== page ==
Kristine C. Weller



When I heard our beat this semester was “the” Asian American community, I was very excited. 

Given the amount of Asian hate spurred by the coronavirus, and the number of microaggressions and discrimination Asian Americans experience on a daily basis, I knew this topic was important to cover. It is beneficial to report on beats such as this because they bring light to issues different groups face.

But I was also anxious. I felt unqualified. 

I had only published one story, and I was worried people wouldn’t want to speak with me and that my writing wouldn’t depict these communities accurately. 

This is why on the drive to the Wat Dhammagunaram temple in Layton, I did not stop when planned.

I was almost on autopilot. The drive to my hometown is one I have experienced many times. Even the path to the temple is very familiar — I admired it every day on my way to junior high. 

But as I saw the temple come into view at 10:30 a.m., I passed it. I didn’t pull into the parking lot as I was supposed to. 

I drove all the way to my childhood home and then back to the temple, 10 minutes round trip. 

After finally pulling into the parking lot of the temple, I felt the familiar pang of nerves. I had been here the week before, but that was to talk to just one monk, Phitthayaphon. Now I needed to talk to people attending the Sunday service, I needed to face a group. 

Would they refuse to talk to me? Would they be annoyed I was there?

I checked my bag for seemingly the tenth time that day. All the important things were accounted for: a small notebook with easily turnable pages, a fully charged phone and five pens. 

The five pens might have been overkill, but I wanted to be prepared. 

I walked to the front door of the temple and slipped off my dress shoes, placing them on the rack by other pairs. It had recently rained, and I was careful not to get my socks wet as I stepped toward the door and walked inside. 

I only had a second to take everything in before Arunne Chwab, who I later learned is a committee member at the temple, greeted me. 

“Are you new?” she asked. 

I breathed a sigh of relief. Right when she addressed me, I knew I would be OK. Everyone was so friendly, introducing me to others I might like to speak with, like Poonie, the oldest Buddhist in the temple, or Warunee, the temple treasurer. 

This moment reminded me why I love meeting new people. Although I’m not sure if I will ever feel less anxious going into situations like this, I am always delighted to find that people are so kind. It is a pleasure to meet and talk with such welcoming people.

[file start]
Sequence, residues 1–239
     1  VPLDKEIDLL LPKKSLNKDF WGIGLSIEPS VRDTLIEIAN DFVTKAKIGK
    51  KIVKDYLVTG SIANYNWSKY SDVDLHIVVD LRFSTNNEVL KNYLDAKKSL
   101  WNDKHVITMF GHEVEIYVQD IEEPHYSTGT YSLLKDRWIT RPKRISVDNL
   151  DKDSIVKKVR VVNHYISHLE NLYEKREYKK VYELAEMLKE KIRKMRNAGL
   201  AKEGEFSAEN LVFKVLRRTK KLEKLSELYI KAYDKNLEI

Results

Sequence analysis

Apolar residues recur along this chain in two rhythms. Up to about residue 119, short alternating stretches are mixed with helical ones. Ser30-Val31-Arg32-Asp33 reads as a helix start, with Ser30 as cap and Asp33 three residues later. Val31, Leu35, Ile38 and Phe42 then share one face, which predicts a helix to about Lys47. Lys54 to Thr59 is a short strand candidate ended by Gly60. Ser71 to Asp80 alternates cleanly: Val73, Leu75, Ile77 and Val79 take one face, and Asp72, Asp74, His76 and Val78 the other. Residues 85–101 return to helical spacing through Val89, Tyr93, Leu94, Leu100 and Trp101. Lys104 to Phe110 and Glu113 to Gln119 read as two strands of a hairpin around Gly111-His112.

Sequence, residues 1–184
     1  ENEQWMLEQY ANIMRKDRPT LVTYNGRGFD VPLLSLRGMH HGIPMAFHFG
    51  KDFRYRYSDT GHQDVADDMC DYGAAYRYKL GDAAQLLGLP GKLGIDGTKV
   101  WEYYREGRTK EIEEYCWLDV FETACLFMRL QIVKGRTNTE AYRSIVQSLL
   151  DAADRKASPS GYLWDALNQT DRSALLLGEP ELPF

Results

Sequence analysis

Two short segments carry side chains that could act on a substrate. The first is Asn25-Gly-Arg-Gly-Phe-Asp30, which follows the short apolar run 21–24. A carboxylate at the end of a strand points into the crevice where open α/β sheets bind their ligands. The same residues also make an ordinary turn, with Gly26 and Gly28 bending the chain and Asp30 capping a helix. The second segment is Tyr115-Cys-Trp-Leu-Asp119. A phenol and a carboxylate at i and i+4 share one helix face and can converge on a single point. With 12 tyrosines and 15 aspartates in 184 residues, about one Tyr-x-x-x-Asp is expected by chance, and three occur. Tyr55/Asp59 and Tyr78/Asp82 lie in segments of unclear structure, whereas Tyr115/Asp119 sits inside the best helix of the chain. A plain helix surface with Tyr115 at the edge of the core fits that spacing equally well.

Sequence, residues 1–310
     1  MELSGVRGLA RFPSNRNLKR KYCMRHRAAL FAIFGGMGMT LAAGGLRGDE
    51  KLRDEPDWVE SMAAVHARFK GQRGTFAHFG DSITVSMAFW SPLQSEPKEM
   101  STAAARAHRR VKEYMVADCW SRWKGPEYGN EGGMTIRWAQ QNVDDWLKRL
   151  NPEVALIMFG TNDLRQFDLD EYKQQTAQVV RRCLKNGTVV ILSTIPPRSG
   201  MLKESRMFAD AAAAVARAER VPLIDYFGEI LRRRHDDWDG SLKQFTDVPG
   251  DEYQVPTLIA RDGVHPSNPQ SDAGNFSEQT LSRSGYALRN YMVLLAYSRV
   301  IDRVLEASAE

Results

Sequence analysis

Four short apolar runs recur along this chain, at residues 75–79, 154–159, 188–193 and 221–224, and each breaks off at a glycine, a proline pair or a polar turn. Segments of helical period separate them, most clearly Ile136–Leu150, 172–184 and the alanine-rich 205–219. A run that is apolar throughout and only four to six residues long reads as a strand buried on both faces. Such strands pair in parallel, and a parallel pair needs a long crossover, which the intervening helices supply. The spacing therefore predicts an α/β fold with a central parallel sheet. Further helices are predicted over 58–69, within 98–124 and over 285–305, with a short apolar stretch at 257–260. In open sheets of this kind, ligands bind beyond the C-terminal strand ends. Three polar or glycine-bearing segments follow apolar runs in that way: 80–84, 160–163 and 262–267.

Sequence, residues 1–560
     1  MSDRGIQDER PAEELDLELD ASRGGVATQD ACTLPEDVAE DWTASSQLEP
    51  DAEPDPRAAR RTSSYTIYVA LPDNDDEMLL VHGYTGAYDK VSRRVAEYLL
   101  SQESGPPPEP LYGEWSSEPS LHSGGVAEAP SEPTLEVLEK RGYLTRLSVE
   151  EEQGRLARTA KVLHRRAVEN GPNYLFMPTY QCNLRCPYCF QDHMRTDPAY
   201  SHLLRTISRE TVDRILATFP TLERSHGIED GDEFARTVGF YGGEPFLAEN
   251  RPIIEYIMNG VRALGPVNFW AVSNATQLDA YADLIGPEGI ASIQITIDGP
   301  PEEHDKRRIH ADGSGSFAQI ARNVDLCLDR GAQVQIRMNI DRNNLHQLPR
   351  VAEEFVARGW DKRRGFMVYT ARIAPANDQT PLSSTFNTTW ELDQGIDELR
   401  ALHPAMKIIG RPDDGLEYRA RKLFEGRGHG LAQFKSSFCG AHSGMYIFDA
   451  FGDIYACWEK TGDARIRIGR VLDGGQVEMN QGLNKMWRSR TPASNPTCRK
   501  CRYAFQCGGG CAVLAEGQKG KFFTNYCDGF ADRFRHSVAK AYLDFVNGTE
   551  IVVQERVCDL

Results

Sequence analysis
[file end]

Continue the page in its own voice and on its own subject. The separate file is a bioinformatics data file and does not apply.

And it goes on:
Discovering I really enjoy talking to varied people is part of why I decided to start studying journalism. 

In the fall of 2021, I was just learning the basics of journalism. Only half a year later, I am completely sure I want to be a journalist. 

While working on my story on the Wat Dhammagunaram temple, I didn’t just write because I needed to meet a deadline — I wrote because I like writing. I enjoyed every step of the process and continued editing until I felt I had a product that was my best. 

Anxiety has been a constant companion when I think of my future career. However, now that I know I can do something I am passionate about, enjoy, and is important, my anxiety has eased.

I am so glad the stories for this beat allowed me to learn so much about myself and about Asian American people and communities. Plus, I feel a little more qualified to be a journalist. 


Kristine Weller recently went through a major change. Previously studying business economics and on the path to becoming a consultant, she is now an aspiring journalist. Weller realized that she would rather pursue her passion and affinity for writing. Looking through different career paths, she discovered journalism and decided to try it out. 

Although it was something new and challenging, writing and reporting were very exciting. Weller published her first story and knew very quickly that journalism was the right path for her. She is now studying communication with an emphasis in journalism and international studies with a focus on human rights. Weller plans to graduate from the University of Utah in 2023. After graduation, she wishes to combine both of her studies by reporting on human rights-related issues. 

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